We’ve had a long, abnormally snowy winter here, followed by a few days of above-freezing temperatures (yesterday was +20 celsius here!) and intermittent rain. All of which are contributing to a pretty rapid runoff.
It’s raining pretty heavily right about now, with some areas of the Czech Republic already on third stage flood alert – the area around ÄŒeskÃ½ Krumlov, for example, and the area around the Dyje in southern Moravia. A lot of those places are upstream from Prague, so it can be expected that the flood wave will be headed toward us and then on to the Labe/Elbe drainage in the next couple of days.
This site in particular is pretty useful in monitoring the situation in more or less real time. It’s run by Povodi Vltavy, and monitors water levels at a lot of points. Mouse over the blinking dots to get more detailed information on water levels, including small graphs of levels over time.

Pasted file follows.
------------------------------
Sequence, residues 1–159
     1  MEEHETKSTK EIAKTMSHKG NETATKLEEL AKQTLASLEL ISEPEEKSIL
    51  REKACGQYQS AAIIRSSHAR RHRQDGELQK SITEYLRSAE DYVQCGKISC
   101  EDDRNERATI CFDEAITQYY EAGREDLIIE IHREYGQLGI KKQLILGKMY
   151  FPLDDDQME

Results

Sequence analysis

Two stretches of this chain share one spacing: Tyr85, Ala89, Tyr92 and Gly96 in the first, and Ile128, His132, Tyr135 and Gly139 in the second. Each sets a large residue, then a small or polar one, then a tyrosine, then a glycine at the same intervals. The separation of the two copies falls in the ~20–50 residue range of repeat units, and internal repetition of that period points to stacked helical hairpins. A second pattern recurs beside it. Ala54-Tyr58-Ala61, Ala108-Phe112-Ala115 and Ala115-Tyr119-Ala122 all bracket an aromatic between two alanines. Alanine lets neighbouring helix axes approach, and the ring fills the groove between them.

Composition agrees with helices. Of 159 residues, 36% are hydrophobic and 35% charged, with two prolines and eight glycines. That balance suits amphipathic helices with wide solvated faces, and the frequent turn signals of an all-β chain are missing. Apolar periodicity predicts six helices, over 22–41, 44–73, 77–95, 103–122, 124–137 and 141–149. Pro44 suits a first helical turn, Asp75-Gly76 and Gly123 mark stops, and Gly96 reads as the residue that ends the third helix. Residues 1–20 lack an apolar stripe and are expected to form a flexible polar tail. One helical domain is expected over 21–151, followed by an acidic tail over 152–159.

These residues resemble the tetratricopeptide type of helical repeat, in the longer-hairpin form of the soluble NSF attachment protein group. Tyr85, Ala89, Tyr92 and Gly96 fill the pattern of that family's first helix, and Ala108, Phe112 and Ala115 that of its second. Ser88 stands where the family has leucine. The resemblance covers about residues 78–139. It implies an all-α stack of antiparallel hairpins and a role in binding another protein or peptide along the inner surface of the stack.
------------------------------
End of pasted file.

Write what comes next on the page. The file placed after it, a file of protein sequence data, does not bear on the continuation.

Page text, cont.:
This time around, Prague and other areas hard-hit in the 2002 floods will have the first major test of their flood barriers; all along the Vltava in Prague 1, aluminum flood walls have been purchased and their bases dug into the concrete. This application shows the extent of the 2002 floods, which could provide a rough outline of how future flood scenarios could play out.
As my dad – who I consider one of the world’s top experts on floodfighting – pointed out, in any flood, you have to watch the low-lying, high-dollar targets:
- Underground parking garages (I’ll personally be curious to see how Karlin makes it through this time around)
- Electric substations and transformers
- Metro stations (especially those along the yellow line)
- Chemicals facilities (like the Spolana Neratovice plant)
- Sewage treatment facilities
Of these, the sewage treatment facilities concern me the most, because all it takes is one or two of these upstream to begin spewing raw sewage downstream.
Obviously nobody wants to see any of this happen, especially as the country has finally shaken off the effects of the 2002 floods.